Organized Labor - Cold war in the international labor movement

One of the primary goals of the International Confederation of Free Trade Unions (ICFTU) was to support people trying to free themselves from totalitarianism. Silverman has revealed that CIO leaders, in joining the new international, expressed hope that the organization would support neither "Stalin" nor "Standard Oil" but a "broad democratic middle where people may fight to have both bread and freedom." The CIO placed faith, in particular, in the capacity of the organization to assist in implementing the Marshall Plan in ways that would benefit European workers. True to their New Deal roots, many CIO leaders anticipated that the Keynesian spending fostered by the Marshall Plan would stimulate European economies. The ICFTU, meanwhile, would encourage labor-management cooperation in increasing productivity and presumably both European workers and business owners would benefit.

Workers in many European countries, however, failed to profit from the Marshall Plan to the extent that AFL and CIO leaders envisioned. The activities of the AFL, and to some degree the CIO, in undermining communist-led unions and in encouraging splits within them, helped to weaken the labor movements in many countries and prevented them from claiming an increased share of their nation's wealth in the postwar era. For example, Ronald Filippelli and Federico Romero have demonstrated that in Italy the AFL worked in collaboration with the U.S. State Department to encourage discord between communists and noncommunists within the Confederacion Generale Italiana del Lavoro, or Italian General Confederation of Labor. Subsequently, both the AFL and CIO supported the formation of rival free trade union organizations in Italy that were devoid of communist influence. While some divisiveness within Italian labor circles would likely have occurred regardless of American meddling, the AFL and CIO nonetheless played some role in making the Italian labor movement one of the most faction-ridden and weakest in Europe by the 1950s. Thus, while Italy experienced the miracalo italiano, or the Italian economic miracle, in the aftermath of Marshall Plan spending, Italian workers remained among the lowest paid in the developed world. As European workers became increasingly dissatisfied with the fruits of the Marshall Plan, European trade union leaders within the ICFTU challenged many American initiatives and a greater balance emerged between the Europeans and Americans in the organization. (In 1969, the by-then merged AFL-CIO withdrew from the ICFTU because it believed that Europeans within the organization had become soft on communism. The AFL-CIO rejoined the ICFTU only in 1984).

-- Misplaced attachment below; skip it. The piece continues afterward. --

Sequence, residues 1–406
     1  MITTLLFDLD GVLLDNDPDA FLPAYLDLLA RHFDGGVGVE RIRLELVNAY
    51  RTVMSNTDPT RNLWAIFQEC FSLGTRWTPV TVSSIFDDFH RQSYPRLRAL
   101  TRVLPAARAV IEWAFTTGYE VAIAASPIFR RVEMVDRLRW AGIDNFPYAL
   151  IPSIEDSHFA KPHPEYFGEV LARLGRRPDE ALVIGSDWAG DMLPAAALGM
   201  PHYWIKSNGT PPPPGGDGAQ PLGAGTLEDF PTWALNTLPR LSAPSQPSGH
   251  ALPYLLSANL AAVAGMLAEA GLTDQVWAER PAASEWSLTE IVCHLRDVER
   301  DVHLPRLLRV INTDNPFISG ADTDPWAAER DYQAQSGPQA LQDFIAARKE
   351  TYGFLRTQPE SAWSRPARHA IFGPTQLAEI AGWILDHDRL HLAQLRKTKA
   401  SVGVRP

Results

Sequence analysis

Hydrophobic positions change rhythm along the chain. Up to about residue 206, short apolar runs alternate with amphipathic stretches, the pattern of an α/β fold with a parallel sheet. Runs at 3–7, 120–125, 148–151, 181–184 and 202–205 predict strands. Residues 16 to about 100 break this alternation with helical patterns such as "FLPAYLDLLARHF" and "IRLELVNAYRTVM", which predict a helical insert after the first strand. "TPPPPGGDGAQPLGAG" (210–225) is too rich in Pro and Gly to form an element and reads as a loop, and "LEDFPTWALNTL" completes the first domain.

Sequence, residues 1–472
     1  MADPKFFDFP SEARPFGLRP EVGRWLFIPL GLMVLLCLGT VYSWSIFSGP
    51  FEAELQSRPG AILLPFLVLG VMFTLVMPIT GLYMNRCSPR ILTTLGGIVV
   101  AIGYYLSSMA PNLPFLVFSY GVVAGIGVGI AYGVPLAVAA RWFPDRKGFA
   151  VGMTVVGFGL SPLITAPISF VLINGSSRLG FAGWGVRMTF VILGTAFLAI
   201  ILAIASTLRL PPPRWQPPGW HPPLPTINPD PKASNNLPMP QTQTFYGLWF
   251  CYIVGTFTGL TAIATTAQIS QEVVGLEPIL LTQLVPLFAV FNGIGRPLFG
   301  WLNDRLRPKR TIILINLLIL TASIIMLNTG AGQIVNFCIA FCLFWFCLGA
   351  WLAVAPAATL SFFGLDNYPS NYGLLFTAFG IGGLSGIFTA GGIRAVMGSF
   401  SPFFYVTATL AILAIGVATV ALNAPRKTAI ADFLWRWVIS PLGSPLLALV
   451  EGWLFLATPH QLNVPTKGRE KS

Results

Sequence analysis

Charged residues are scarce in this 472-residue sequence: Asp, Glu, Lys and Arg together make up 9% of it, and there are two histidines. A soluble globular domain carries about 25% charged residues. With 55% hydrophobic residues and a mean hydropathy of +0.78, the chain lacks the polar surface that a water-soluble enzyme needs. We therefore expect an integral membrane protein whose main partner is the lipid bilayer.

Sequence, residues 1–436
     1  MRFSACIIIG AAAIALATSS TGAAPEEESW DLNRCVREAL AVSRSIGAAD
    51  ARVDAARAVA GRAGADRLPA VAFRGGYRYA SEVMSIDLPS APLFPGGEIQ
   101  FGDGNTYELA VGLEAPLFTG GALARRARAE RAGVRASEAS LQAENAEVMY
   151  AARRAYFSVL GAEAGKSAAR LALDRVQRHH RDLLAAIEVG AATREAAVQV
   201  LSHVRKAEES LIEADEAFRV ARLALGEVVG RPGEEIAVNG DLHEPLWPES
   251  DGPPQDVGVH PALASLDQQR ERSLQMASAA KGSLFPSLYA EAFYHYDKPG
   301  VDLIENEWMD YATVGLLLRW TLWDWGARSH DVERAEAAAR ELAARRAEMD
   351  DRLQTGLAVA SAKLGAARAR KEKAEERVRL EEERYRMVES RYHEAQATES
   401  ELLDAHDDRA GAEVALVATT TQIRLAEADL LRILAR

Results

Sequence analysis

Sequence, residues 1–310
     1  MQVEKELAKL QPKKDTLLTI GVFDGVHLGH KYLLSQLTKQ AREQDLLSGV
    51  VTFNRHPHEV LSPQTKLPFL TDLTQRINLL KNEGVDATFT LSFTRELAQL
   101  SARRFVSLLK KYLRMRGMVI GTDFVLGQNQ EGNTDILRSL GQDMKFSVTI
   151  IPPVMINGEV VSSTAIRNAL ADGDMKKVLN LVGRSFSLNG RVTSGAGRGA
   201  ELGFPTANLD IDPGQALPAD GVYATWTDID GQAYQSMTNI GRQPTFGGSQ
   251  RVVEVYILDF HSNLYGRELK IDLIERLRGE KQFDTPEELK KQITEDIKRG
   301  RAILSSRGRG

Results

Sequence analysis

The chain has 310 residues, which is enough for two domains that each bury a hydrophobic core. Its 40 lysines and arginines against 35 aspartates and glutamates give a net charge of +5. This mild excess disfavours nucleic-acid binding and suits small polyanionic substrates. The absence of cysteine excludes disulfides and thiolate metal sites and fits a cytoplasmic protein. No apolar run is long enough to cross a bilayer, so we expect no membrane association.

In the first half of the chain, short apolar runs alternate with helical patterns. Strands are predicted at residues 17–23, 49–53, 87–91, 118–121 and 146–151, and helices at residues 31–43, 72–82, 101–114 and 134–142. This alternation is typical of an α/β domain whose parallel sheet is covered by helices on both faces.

The AFL and CIO's early Cold War foreign policy activities also produced mixed results in occupied Japan and in Latin America. As Howard Schonberger has demonstrated, American labor officials played an important role in the U.S. occupation of Japan because U.S. policymakers hoped to build a strong AFL-styled union movement there to check the power of traditional business and political elites whom they believed responsible for Japanese aggression during World War II. A powerful Japanese trade union movement, moreover, would force Japanese Zaibatsu corporations to share some of their profits with workers and lead them to redirect some trade exports toward their domestic markets and away from other markets where they might compete with U.S. goods. In 1945 occupation officials sponsored a trade union law that established the legal framework for Japanese workers to organize unions, bargain collectively, and strike. The Japanese labor movement subsequently grew exponentially and by 1949 represented more than half of all Japanese workers.

Charged with directing the growth of the Japanese labor movement in ways the U.S. government deemed constructive was the Labor Division of the occupation bureaucracy. The Labor Division always contained AFL representatives, and in 1947, James Killen, vice president of the International Brotherhood of Pulp, Sulphite, and Paper Mill Workers within the AFL, was appointed chief of the division. Occupation leaders sought Killen's help because they feared the Japanese labor movement was drifting to the left and were concerned about the militant tactics adopted by Japanese unions. Killen sought to counter the influence of communists by establishing anticommunist cells called mindo within Japanese unions. Yet Killen was also critical of the occupation bureaucracy for not stemming the tide of inflation, which undermined any gains workers achieved, and for its decision to remove government workers from the trade union movement. Eventually, convinced that occupation leaders were more concerned with weakening the Japanese labor movement than with eliminating communist influence, Killen resigned, as did several members of his staff.